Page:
This is a guide to mapping locations using Google Maps that I created for students in my multimedia journalism class at the University of Tennessee.

Like any news story, we start with a question or hypothesis:

Methamphetamines have long been a problem in East Tennessee, and they seem to be making a resurgence. I want to know if this is a problem spread across our community or if it is a problem only in certain parts of town.

So my questions are: Where have meth busts happened over time? Are there parts of town especially high in the number of meth-related incidents?

Now we have to find a dataset that will help us answer this question. Luckily, the Tennessee Dangerous Drugs Task Force has a searchable index of all meth incidents in the state of Tennessee.

If you mess around with the database, you should see that you can search by city, county, etc. You can also filter for either any meth incidents or just homes or businesses that have been quarantined.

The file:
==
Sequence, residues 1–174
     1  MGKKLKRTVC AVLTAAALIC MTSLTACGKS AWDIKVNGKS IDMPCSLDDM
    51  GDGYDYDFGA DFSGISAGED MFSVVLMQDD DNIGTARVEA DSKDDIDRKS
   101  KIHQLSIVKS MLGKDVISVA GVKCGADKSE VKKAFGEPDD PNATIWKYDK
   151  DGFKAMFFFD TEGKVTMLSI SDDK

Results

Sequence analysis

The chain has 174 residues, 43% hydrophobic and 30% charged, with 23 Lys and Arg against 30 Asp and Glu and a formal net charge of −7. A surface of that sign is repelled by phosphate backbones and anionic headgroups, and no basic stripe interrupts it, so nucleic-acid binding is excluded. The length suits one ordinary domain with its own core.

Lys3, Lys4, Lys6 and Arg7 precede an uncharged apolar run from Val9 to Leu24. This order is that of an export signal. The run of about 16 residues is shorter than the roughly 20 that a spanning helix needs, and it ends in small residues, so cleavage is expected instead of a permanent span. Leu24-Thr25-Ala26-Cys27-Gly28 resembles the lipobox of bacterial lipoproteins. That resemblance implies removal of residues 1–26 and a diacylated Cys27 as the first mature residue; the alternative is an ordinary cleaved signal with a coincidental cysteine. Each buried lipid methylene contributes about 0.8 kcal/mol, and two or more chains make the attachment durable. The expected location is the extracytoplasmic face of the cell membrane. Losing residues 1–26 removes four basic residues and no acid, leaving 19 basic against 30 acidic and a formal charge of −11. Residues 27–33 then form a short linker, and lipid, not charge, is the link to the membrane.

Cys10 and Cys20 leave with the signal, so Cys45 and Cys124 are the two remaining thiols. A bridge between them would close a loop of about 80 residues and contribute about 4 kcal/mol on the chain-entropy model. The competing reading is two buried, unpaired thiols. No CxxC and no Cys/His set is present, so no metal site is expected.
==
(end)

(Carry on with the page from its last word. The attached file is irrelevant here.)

We’ll start by mapping just the quarantined house in Knox County. You’ll see that there are a bit more than 30 houses that have been quarantined in the last 10 years.

We could probably select the whole table and copy+paste into Excel or Google Spreadsheets, but sometimes the doesn’t work. In order to avoid pasting issues, I use a simple little Chrome plugin for scraping information for websites. You can download the plugin for free from the Chrome store.

Once you have the plugin, you can selected any piece or group of data, right-mouse click, choose “scrape similar,” and the plugin will scrape all the similar data and dump it to Google Spreadsheet.